Nikoline Bohr is a scientist, a historian, a treasure hunter and an artist. She has a BS in Physics from Rensselaer Polytechnic Institute. With a scientific core and a treasure hunters taste for adventure Bohr explores our collective past with hopes of aiding a brighter future. Her current work focuses on preserving Nantucket Islands complex and fragile history for coming generations to appreciate and learn from.
This article is a just summation of my initial research on the Meridian Stones.
Forever dedicated to my beloved and wise grandmother Dorothy Hesselman.
I would like to extend a thousand thank-you’s to the Maria Mitchell Association for granting me access to William Mitchell’s journals and letters, and to the Nantucket Historical Association for providing a wealth of historical documents to browse.
Bache, A. D., U.S. Congress. House, U.S. Coast Survey (1807-1878), and U.S. Department of the Treasury. 1845. Coast Survey Annual Report 1845. 1845th ed. Vol. 29th Congress, 1st session, nos. 38, serial set no. 482, 38. United States Congressional Serial Set. Washington, DC: House Document. https://bit.ly/3M2enQy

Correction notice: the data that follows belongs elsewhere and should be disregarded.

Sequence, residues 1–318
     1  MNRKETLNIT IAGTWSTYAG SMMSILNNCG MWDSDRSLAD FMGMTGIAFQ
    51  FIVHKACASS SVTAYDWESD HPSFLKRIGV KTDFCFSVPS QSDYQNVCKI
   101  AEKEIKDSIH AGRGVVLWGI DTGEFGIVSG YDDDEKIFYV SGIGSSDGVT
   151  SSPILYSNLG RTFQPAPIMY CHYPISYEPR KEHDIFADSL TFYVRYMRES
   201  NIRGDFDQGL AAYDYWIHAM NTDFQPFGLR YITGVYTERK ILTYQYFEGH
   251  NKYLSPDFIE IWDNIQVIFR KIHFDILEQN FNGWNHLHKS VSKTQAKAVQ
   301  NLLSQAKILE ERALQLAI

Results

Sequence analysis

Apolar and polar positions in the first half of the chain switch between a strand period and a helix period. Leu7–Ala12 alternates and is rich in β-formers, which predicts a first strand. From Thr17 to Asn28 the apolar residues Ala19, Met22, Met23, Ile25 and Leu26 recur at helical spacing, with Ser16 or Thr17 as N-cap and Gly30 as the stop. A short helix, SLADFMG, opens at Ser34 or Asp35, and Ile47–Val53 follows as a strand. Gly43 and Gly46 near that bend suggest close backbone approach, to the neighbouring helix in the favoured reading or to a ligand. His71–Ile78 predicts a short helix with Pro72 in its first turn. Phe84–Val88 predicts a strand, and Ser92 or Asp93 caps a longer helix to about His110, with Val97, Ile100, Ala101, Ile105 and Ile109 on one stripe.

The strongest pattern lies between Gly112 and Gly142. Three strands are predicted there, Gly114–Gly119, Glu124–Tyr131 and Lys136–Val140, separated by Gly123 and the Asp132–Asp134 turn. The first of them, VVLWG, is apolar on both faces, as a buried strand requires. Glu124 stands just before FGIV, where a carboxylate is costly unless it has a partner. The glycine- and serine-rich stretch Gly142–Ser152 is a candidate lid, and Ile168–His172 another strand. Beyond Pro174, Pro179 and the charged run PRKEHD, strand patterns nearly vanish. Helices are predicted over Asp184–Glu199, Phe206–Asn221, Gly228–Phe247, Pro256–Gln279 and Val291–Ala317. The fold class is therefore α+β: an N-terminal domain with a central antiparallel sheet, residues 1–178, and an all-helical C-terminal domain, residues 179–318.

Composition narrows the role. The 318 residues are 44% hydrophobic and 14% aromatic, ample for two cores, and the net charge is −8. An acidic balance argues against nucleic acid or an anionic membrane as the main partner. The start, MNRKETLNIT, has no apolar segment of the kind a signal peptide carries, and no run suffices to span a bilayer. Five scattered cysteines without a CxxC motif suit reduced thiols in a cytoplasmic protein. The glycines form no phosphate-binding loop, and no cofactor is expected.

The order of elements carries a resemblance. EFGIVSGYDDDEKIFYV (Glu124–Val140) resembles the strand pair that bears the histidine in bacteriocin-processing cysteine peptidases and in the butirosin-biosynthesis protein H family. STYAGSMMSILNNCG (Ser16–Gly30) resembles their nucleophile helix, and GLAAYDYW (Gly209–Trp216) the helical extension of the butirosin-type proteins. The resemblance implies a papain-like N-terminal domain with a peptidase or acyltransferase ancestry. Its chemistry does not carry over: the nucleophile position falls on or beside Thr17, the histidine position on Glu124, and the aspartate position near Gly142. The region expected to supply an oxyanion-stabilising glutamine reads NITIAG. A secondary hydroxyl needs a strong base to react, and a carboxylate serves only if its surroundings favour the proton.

Lovering, Joseph, and W. Cranch Bond. 1846. “An Account of the Magnetic Observations Made at the Observatory of Harvard University, Cambridge [Part I].” Memoirs of the American Academy of Arts and Sciences 2: 1–84. https://doi.org/10.2307/25057929.
———. 1845. “Astronomical Journal 1847 with Letters.” Nantucket Maria Mitchell Association. Mitchell Family Papers, Series The W. Mitchell Family a. William Mitchell, Box 2, Folder, 4,. Nantucket Maria Mitchell Association.
Pond, John. 1833. “Supplement to the Greenwich Observations for the Year 1832; Containing the Reductions of the Observations.” Astronomical Observations Made at the Royal Observatory at Greenwich 17. http://adsabs.harvard.edu/abs/1833RGAO…17N…1P.